Date of Degree

9-2017

Document Type

Dissertation

Degree Name

Ph.D.

Program

Biology

Advisor(s)

Daniel Weinstein

Committee Members

Cathy Savage Dunn

Alicia Melendez

Carmen Melendez Vasquez

Gerald H Thomsen

Subject Categories

Cancer Biology | Cell Biology | Cellular and Molecular Physiology | Developmental Biology | Molecular Genetics | Other Cell and Developmental Biology

Keywords

Development, T-box proteins, Cancer, Germ layers, Pluripotency

Abstract

All of the tissues in triploblastic organisms, with the exception of the germ cells, arise from the three germ layers, ectoderm, mesoderm and the endoderm. The identification of the genes that underlie the differentiation of these layers is crucial to our understanding of development. T-box family proteins are DNA-binding transcriptional regulators that play important roles during germ layer formation in the early vertebrate embryo. Well-characterized members of this family, including the transcriptional activators Brachyury and VegT, are essential for the proper formation of mesoderm and endoderm, respectively. To date, T-box proteins have not been shown to play a role in the promotion of the third primary germ layer, ectoderm. In this study, we have identified two T-box proteins, Tbx2 and Tbx3, as important players in the development of the vertebrate embryo with majority of our work focused on Tbx2. Our studies indicate that the T-box factor Tbx2 is both sufficient and necessary for ectodermal differentiation in the frog Xenopus laevis. Tbx2 is expressed zygotically in the presumptive ectoderm, during blastula and gastrula stages. Ectopic expression of Tbx2 represses mesoderm and endoderm, while loss of Tbx2 leads to inappropriate expression of mesoderm- and endoderm-specific genes in the region fated to give rise to ectoderm. Misexpression of Tbx2 also promotes neural tissue in animal cap explants, suggesting that Tbx2 plays a role in both the establishment of ectodermal fate and its dorsoventral patterning. Our studies demonstrate that Tbx2 functions as a transcriptional repressor during germ layer formation, and suggest that this activity is mediated in part through repression of target genes that are stimulated, in the mesendoderm, by activating T-box proteins.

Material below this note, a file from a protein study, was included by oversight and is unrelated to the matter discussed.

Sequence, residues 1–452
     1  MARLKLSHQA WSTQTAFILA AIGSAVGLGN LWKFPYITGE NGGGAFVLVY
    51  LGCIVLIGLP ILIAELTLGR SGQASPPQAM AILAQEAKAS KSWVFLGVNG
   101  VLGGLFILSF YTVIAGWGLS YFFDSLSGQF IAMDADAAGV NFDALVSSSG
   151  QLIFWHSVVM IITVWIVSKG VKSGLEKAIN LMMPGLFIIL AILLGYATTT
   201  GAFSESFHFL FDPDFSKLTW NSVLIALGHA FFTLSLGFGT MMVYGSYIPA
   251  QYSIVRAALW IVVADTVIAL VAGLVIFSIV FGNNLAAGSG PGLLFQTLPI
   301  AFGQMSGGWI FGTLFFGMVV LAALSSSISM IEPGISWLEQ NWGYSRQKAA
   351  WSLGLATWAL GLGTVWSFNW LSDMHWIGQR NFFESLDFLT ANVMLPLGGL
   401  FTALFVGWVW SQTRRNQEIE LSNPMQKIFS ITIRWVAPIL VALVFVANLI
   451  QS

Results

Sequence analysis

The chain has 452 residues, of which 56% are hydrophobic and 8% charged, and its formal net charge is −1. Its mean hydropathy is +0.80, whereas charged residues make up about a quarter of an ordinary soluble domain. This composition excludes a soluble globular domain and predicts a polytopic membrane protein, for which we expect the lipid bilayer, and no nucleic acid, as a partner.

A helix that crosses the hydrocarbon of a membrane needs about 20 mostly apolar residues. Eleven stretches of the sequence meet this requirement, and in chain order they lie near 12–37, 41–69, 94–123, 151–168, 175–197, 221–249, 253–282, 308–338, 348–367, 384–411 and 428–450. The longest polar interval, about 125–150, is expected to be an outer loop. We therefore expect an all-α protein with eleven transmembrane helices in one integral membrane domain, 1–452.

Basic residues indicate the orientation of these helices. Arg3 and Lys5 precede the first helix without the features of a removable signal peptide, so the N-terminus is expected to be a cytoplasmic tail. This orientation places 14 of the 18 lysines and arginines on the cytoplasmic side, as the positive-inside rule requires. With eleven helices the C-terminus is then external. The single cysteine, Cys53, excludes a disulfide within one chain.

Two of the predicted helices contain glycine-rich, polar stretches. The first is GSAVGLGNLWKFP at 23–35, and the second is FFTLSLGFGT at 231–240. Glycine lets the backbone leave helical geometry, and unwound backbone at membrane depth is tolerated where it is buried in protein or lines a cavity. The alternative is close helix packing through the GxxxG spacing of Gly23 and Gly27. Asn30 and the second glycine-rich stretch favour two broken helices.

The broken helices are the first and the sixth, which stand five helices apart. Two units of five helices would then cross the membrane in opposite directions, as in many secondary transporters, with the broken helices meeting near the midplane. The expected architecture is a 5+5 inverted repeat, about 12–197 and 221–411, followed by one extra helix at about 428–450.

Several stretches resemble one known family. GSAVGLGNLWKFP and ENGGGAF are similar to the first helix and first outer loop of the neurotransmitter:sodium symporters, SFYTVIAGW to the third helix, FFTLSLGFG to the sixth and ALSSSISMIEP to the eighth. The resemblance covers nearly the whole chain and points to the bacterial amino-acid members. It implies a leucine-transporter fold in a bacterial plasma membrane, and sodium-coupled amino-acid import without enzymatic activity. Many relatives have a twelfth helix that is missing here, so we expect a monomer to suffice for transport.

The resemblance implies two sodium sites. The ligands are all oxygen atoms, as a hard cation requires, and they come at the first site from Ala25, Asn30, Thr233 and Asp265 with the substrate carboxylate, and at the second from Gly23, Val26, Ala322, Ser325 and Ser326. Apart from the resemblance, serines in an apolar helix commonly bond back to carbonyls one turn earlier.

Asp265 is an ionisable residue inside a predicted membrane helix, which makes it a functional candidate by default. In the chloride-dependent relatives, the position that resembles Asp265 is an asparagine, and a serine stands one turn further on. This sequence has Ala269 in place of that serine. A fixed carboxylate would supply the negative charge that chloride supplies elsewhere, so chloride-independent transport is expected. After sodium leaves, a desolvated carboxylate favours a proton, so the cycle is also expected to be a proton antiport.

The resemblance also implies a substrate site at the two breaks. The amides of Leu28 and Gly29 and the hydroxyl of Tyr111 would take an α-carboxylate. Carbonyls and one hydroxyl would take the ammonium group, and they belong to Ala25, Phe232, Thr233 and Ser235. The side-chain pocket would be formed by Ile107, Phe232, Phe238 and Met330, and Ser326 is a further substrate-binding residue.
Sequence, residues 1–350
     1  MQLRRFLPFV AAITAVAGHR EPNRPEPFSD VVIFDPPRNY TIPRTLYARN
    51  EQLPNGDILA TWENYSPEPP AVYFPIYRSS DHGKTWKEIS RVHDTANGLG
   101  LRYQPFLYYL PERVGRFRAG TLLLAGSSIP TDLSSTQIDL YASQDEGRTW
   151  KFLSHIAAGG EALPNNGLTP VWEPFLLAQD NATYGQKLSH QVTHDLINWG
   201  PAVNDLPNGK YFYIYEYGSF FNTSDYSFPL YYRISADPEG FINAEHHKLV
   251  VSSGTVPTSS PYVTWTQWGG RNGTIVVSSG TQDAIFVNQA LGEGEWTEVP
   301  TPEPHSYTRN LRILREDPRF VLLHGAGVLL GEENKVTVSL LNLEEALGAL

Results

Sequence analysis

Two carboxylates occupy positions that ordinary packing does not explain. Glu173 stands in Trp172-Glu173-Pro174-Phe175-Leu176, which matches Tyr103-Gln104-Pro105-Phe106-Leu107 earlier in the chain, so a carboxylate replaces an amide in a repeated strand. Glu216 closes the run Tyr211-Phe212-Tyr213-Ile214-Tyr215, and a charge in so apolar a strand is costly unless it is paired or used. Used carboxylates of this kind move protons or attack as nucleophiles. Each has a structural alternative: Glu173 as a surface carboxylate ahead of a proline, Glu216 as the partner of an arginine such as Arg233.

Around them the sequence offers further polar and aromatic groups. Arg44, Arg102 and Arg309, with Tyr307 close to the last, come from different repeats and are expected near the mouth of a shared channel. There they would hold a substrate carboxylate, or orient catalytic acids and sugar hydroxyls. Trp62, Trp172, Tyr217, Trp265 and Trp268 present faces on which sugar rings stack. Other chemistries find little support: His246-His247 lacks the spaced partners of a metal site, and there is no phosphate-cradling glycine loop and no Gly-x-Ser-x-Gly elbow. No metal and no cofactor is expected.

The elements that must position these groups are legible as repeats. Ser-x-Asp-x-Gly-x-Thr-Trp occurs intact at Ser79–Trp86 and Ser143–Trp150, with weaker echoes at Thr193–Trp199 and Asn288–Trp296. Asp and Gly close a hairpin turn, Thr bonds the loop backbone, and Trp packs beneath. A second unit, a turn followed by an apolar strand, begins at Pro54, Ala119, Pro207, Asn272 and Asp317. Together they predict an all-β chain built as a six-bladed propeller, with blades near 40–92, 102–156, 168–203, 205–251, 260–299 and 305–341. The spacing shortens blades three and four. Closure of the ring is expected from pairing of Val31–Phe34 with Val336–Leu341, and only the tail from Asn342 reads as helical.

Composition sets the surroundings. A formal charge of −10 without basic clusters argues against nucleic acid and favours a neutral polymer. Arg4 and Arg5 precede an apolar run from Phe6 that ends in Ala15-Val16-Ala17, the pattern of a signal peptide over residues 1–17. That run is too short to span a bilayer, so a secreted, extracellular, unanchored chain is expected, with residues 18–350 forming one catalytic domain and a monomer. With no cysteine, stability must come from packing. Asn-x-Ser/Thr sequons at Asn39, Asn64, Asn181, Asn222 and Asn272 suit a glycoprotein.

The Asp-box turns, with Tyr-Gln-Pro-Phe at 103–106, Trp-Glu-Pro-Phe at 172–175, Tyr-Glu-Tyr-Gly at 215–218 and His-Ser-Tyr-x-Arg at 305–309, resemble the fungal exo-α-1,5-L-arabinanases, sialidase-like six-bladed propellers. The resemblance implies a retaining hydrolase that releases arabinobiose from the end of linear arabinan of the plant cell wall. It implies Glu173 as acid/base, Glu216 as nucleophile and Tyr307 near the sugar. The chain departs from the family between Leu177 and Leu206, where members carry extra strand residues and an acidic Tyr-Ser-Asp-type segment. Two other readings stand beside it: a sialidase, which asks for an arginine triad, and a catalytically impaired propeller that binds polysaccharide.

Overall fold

In addition to Tbx2, we also identified Tbx3, another T-box transcription factor, whose expression begins early in development. Our data indicate that Tbx3 is expressed in the animal pole of Xenopus laevis embryos, where it functions to repress mesodermal and endodermal genes. Taken together, our results point to a critical role for T-box proteins in limiting the potency of blastula-stage progenitor cells during vertebrate germ layer differentiation.

 
 

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